Thursday, April 12, 2007

The Résumé Secret Employers Love and Job Seekers Rarely Use

A human resources manager, working at a prominent Northwest company, asked for my help in writing her résumé. She told me: "I see résumés all the time. Thousands have passed through my hands, but when it comes to writing my own I have a difficult time doing it. A résumé is nothing more than a slick advertisement. But an important one, especially in today's job market."

She makes it clear that your résumé is all an employer has when they start the screening process. And employers report that most résumés get only a 15-20 second glance. If you don't capture their attention quickly, they pass you by and call in someone else for the interview.

There is a good technique that you can use, though, that employers really like to see on a résumé. When I did our national survey of 600 hiring managers, the overwhelming majority said the most important part of your résumé is your "Summary of Qualifications" section. Adding this triples your impact, and employers reported that this was one of the very first areas they read. And if the briefly stated summary demonstrates solid ability to fill the advertised job, it catches their attention and they slow down and give the applicant more careful consideration.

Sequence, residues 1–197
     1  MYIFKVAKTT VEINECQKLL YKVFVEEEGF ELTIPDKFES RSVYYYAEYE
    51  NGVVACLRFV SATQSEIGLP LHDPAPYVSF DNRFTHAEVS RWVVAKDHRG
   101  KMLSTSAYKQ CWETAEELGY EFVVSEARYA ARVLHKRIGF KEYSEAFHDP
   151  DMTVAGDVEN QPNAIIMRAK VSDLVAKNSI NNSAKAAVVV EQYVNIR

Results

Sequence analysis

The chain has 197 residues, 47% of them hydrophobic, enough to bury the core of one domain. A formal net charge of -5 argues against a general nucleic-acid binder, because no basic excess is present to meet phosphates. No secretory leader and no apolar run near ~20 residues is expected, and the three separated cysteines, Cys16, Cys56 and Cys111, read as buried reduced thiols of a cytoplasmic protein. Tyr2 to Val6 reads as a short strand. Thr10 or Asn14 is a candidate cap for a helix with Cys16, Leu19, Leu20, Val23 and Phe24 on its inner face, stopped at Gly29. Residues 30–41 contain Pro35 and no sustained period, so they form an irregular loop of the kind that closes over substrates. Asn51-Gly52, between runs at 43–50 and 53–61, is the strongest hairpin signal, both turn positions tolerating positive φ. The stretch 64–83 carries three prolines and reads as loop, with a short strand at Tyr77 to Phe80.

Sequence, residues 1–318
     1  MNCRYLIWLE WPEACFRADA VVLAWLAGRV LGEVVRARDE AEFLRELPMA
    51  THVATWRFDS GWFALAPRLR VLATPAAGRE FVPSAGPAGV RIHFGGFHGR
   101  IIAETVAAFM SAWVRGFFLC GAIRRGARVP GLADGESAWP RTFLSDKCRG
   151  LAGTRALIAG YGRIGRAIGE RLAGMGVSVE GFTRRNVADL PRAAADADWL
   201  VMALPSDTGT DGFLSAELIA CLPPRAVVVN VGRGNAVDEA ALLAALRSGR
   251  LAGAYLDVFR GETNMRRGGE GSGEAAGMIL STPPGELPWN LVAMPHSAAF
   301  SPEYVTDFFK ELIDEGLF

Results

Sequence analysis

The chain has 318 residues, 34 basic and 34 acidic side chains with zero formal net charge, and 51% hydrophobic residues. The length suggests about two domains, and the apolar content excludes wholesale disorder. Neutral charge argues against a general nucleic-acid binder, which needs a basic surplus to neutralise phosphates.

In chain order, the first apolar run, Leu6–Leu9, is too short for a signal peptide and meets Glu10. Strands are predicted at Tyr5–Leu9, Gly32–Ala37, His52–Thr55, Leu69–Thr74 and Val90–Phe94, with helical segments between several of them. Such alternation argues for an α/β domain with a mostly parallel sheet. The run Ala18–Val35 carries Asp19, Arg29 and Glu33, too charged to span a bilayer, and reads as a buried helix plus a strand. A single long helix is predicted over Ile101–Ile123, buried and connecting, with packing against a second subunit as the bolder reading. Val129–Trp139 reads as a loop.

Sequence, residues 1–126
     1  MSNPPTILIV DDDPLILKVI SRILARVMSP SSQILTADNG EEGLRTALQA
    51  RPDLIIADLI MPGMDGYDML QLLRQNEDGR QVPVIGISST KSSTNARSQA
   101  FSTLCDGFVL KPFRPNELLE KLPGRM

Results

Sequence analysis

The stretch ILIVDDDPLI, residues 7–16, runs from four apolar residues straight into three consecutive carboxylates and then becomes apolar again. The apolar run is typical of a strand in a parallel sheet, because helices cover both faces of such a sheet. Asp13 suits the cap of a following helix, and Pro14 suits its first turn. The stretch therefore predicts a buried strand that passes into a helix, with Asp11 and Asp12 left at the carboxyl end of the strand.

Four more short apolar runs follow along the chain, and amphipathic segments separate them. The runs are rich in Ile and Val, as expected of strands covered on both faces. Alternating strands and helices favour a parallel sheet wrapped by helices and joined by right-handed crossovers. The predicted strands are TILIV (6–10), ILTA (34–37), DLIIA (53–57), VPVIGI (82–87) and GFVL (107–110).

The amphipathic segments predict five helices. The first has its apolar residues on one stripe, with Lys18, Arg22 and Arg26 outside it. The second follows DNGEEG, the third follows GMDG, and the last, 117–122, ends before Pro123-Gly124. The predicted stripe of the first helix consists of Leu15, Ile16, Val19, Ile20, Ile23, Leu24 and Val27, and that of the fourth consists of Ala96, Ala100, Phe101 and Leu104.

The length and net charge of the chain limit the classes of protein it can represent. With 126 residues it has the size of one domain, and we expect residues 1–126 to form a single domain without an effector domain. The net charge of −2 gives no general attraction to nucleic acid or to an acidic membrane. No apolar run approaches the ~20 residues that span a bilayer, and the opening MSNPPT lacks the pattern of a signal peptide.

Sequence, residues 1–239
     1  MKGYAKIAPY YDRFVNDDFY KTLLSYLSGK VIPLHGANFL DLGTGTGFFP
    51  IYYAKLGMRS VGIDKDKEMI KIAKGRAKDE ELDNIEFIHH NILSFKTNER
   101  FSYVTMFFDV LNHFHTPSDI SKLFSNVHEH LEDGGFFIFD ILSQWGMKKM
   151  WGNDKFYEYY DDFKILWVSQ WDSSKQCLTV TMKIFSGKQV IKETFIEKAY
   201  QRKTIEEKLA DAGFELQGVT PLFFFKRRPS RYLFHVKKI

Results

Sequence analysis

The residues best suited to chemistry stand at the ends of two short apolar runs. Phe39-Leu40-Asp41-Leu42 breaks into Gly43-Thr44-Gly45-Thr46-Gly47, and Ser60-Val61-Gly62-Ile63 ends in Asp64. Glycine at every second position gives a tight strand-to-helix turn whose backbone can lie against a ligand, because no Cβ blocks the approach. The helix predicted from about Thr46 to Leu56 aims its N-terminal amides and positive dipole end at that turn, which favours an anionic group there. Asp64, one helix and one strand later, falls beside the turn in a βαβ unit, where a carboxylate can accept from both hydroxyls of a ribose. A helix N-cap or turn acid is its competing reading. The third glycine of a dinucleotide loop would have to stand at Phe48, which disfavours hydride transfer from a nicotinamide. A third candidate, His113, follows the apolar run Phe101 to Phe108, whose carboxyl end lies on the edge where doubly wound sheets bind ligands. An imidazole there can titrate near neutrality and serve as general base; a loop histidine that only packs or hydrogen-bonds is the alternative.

Hiring managers also reported only about 5 percent of résumés contained this key section, and I never write a résumé without it. Think of it as mini-outline of you: a highly influential summation of the specifics you bring to the job. This section usually consists of four to six sentences that present an overview of your experience, accomplishments, talents, work habits and skills. Here is a good example from one of my client's résumés:

Summary of Qualifications
Twelve years' management experience in human resources dealing with fast-paced, rapidly expanding companies. Expertise includes employment law, recruiting, employee and labor relations and compensation. Analytical decision maker with excellent problem-solving skills. Recognized for ability to develop employees' professional growth and increase their productivity.

It's easy to see by reading this brief summary how this candidate is qualified to do a human resources job. Indeed, she got several interviews and went on to work at Seattle's most famous coffee company.

One caution – employers complain that many people lie on their résumé. Exaggeration! Misrepresentation! Lying is a deadly error. Don't do it! Employers ask more questions and do more background checks now than ever before so when you get caught, and sooner or later you will get exposed, you'll likely be fired. Solid facts and verifiable experience should highlight your actions and accomplishments.

The summary of qualifications, which speaks volumes on consolidating the best you have to bring to the job, really stands out and pulls the employer in for a closer look. Be sure that your résumé has this essential section. It comes right after your name, address and career objectives.

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